The hackers behind Trickbot have added a new Windows 10 UAC bypass to the malware to in order to execute code without the victim knowing.
According to a blog post by Morphisec, the malware can execute itself and elevate its privileges without displaying a User Account Control window. The latest iteration of the malware uses the Windows 10 WSReset UAC Bypass to circumvent user account control and deliver its payload onto user machines.
Researchers said that the WSReset UAC Bypass process begins with Trickbot checking to see if the system it’s on is running Windows 7 or Windows 10. If it is running under Windows 7, it will utilize the CMSTPLUA UAC bypass (the same one as in previous samples).
“It’s only when the system is running Windows 10 that Trickbot uses the WSReset UAC Bypass,” researchers added.
This bypass was discovered in March 2019 and enables Trickbot authors to take advantage of the WSReset.exe process. The WSReset.exe process is a Microsoft signed executable that is used to reset Windows Store settings, according to its manifest file
“What’s most important here, though, is that the ‘autoElevate’ property is set to “true.” This is what allows the WSReset UAC Bypass to be used for privilege escalation,” said researchers.
Trickbot decrypts its strings in order to use the WSReset UAC Bypass, such as the registry path and the command to execute. It then uses “reg.exe” in order to add the relevant keys that allows it to use the WSReset UAC Bypass.
Lastly, it runs WSReset.exe, which will cause Trickbot to run with elevated privileges without a UAC prompt. Researchers said that Trickbot does that using ‘ShellExecuteExW’ API. This final executable allows Trickbot to deliver its payload onto workstations and other endpoints.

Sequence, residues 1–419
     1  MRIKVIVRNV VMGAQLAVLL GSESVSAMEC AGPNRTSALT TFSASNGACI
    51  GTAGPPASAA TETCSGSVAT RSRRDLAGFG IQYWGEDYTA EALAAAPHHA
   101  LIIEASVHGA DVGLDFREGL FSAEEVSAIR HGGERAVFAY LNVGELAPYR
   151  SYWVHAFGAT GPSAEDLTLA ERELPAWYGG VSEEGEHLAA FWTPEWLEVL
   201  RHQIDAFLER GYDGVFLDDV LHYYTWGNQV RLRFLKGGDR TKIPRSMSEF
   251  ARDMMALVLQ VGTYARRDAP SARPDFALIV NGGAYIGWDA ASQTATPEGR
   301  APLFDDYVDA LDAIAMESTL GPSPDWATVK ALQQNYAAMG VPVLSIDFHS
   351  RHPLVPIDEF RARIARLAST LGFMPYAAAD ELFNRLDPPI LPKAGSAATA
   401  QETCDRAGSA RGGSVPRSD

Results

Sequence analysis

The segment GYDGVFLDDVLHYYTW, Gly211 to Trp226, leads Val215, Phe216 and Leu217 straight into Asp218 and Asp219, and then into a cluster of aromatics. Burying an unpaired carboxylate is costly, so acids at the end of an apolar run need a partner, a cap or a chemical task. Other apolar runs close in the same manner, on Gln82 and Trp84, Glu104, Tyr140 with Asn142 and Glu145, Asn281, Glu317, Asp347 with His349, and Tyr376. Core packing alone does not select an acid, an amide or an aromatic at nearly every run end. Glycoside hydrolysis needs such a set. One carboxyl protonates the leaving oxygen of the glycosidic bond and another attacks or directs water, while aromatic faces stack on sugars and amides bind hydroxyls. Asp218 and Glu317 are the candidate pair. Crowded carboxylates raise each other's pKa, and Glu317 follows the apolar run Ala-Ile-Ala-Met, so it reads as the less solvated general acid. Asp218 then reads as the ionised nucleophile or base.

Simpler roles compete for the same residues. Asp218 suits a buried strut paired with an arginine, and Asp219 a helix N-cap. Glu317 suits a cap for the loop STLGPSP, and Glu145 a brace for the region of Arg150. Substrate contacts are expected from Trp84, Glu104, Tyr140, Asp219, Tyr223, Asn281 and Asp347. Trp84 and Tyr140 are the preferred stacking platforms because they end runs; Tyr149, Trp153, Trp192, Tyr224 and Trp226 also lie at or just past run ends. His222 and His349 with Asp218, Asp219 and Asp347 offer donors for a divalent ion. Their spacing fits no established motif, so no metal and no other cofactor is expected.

Researchers said that by morphing the application memory structures on endpoints, a hacker’s ability to accurately target critical systems can be diminished.
Kelvin Murray, senior threat researcher at Webroot, told SC Media UK that by setting UAC to its max (or always notify), setting this attack can be mitigated.
“It is hoped that Microsoft will issue a patch specifically to address this issue, but there has been nothing announced so far from the OS developer,” he said.
As far as stopping Trickbot attacks in general, the best way to do this is to stop Emotet, Trickbot's main delivery method.
“Updates, email filtering, user education (to evade phishing attempts), good password hygiene and AV protection are all recommended to prevent injury from these malware heavyweights. Trickbot will steal data from machines before typically dropping devastating ransomware like Ryuk. So, we would advise organisations invest in prevention as the damage done will be irreversible,” added Murray.
Kevin Bocek, VP security strategy and threat intel at Venafi, told SC Media UK that Trickbot’s sophisticated entry and credential stealing techniques are well known.
“This latest exploit harnesses the power of Microsoft’s own code signing with Windows 10 Store utilities, in the knowledge that most enterprises won’t be paying attention and code signing evades even sophisticated Next Gen AV. To protect themselves enterprises must have full control over every code signing certificate they use, especially during the software development pipeline and signing process. It’s time we get serious about machine identities or expect complete chaos,” he said.